Linear Technology's LT8582 DC/DC converter IC has two channels that can be configured with boost, single-ended primary-inductor converter (SEPIC), inverting, or flyback converter topologies. The channels can be configured separately or linked together in your design. It operates at input voltages between 2.5V and 22V and can tolerate transient spikes as high as 40V. The maximum potential difference this IC can generate appears to be 42V and, since it can be used as an inverter, it has no trouble generating voltages below the ground reference.
This highly configurable IC switches at frequencies as high as 2.5 MHz and it can be externally synchronized. It has power-good indicator pins, soft-state capability, and short-circuit protection.
Block diagram of the LT8582, from the datasheet (PDF) Click to enlarge.
Designing with the LT8582 IC
Linear Technology has provided multiple example configurations to demonstrate how to use the device in boost converter, SEPIC, inverting, or flyback converter modes. The following schematic generates ±12 VDC at 550 mA per channel. This design is limited to relatively low current outputs to keep the device from overheating. As output current increases, proper thermal design becomes increasingly important.
Sample circuit from the LT8582 datasheet (PDF)
A few equations must be solved to calculate the values of various passive components connected to some of this ICs pins, but fortunately, Linear Tech has provided a step-by-step guide for each topology. An example is included below.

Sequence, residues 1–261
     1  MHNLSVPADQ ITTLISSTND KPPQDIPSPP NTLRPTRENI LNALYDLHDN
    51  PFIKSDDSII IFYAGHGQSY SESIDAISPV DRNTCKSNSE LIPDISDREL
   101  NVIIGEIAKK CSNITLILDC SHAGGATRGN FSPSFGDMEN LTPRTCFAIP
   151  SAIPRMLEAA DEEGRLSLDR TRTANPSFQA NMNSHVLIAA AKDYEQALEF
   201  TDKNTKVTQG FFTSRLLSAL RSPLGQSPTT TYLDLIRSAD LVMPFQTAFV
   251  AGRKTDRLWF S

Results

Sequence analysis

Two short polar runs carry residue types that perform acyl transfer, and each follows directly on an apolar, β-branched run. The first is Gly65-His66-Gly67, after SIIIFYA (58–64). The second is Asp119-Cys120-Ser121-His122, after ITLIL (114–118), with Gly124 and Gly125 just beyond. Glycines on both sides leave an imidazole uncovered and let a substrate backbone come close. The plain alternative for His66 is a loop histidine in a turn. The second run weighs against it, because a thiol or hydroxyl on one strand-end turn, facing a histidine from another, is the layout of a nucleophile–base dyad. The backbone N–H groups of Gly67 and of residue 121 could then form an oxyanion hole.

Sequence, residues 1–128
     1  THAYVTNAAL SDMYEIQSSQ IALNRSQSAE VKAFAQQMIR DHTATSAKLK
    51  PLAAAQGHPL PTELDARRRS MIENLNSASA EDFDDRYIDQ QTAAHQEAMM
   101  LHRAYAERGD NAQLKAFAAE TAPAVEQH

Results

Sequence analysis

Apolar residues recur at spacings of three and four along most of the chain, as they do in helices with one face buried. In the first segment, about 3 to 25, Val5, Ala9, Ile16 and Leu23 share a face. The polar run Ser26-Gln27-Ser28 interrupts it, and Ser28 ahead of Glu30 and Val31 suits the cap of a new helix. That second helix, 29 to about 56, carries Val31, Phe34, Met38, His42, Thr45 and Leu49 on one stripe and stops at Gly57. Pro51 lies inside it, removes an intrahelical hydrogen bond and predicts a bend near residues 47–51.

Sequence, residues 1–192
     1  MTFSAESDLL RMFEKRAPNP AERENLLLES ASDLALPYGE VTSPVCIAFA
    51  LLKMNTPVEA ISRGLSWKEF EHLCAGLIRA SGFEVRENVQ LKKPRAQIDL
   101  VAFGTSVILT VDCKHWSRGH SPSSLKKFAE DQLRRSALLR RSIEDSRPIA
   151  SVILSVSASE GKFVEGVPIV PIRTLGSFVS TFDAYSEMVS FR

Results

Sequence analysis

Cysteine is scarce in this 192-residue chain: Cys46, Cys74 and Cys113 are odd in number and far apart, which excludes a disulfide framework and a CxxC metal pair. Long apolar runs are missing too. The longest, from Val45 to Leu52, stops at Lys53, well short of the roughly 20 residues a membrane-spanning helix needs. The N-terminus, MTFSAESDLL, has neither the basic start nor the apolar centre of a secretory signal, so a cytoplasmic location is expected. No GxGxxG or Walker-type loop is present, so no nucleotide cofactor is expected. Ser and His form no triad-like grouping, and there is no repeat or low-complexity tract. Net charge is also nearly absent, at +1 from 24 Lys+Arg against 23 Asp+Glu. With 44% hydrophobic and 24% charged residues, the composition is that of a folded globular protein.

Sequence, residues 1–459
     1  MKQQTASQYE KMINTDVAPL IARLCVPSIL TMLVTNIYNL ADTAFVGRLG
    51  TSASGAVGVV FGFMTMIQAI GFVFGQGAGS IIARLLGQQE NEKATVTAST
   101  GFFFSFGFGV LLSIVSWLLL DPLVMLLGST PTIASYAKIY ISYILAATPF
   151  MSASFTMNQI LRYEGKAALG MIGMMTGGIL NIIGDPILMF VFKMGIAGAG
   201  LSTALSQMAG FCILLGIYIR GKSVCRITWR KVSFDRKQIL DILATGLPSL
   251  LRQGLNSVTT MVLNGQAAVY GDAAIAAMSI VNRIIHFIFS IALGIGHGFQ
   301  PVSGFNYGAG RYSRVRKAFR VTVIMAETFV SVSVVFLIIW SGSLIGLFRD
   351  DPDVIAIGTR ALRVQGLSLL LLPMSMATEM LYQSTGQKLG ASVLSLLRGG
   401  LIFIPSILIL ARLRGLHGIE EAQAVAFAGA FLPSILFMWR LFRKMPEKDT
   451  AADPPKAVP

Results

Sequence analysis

Design equations for dual inductor inverting topology
PCB Layout Considerations
The datasheet also provides two layout examples for the device. In each one, the central ground pad is connected to the ground plane with multiple vias. This is important because it allows the heat generated by the device to be transferred to other parts of the PCB.
The amount of heat generated depends on the current draw of your application. Thermal engineers will likely appreciate the power dissipation calculations on page 19. Thermal energy from this device needs to be dissipated. If the die temperature exceeds 165°C, the device will stop functioning until the temperature drops below 160°C. If you intend to operate this device at high output power, you must avoid reaching temperatures anywhere near this threshold, consider active or passive cooling strategies for the IC. For example, add a heatsink or a case fan. For more information on thermal design considerations, see Thermal Design by Insight, not Hindsight (PDF) and Thermal Design Considerations for Surface Mount Layouts, both by Texas Instruments.
Shown below is the example layout on page 17. Note that it is a colorized version of what is found in the datasheet to highlight the different areas of the layout (there is no particlar significance to the colors). Vias conduct heat from the IC to the ground plane for dissipation.
Example PCB layout from page 17 of the datasheet (PDF).
Switching circuits can be noisy, and you’ll have to be mindful of design recommendations in the datasheet to avoid creating a design that interferes with the other components on your board. That means keeping track of ground return paths and observing best design practices.
Evaluation Kit Available
The DC1734A Demo Board gives engineers the opportunity to better understand a 5-10 VDC input, ±12 VDC output implementation of the LT8582. This board could come in handy if you're considering a boost or inverting design and would like to better understand and characterize the IC.
LT8582EDKD demo board. Image from Digikey
Screen capture of an LTspice simulation for the DC1734A demo board. Click to enlarge.
This DC/DC converter IC can be configured in multiple ways. Do you have any experience using this IC in your designs? Do you have any tricks or tips to share? Feel free to leave a comment and let us know!